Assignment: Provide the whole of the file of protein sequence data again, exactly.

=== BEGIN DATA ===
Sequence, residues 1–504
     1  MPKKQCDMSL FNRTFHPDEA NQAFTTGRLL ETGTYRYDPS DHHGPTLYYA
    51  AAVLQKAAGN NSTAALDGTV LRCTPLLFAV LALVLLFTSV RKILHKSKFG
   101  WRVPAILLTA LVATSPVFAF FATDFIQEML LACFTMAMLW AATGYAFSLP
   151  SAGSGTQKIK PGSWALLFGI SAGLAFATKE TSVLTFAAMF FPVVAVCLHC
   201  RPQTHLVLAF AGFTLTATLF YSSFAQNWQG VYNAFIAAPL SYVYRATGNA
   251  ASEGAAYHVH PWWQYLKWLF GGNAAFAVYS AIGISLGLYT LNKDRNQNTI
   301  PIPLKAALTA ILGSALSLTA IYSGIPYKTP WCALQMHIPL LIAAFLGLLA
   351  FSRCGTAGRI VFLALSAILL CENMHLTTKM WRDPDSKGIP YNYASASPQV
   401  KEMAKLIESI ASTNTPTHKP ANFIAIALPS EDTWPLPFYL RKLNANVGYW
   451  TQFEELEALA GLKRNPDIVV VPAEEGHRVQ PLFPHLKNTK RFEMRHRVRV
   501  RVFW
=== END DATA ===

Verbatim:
Sequence, residues 1–504
     1  MPKKQCDMSL FNRTFHPDEA NQAFTTGRLL ETGTYRYDPS DHHGPTLYYA
    51  AAVLQKAAGN NSTAALDGTV LRCTPLLFAV LALVLLFTSV RKILHKSKFG
   101  WRVPAILLTA LVATSPVFAF FATDFIQEML LACFTMAMLW AATGYAFSLP
   151  SAGSGTQKIK PGSWALLFGI SAGLAFATKE TSVLTFAAMF FPVVAVCLHC
   201  RPQTHLVLAF AGFTLTATLF YSSFAQNWQG VYNAFIAAPL SYVYRATGNA
   251  ASEGAAYHVH PWWQYLKWLF GGNAAFAVYS AIGISLGLYT LNKDRNQNTI
   301  PIPLKAALTA ILGSALSLTA IYSGIPYKTP WCALQMHIPL LIAAFLGLLA
   351  FSRCGTAGRI VFLALSAILL CENMHLTTKM WRDPDSKGIP YNYASASPQV
   401  KEMAKLIESI ASTNTPTHKP ANFIAIALPS EDTWPLPFYL RKLNANVGYW
   451  TQFEELEALA GLKRNPDIVV VPAEEGHRVQ PLFPHLKNTK RFEMRHRVRV
   501  RVFW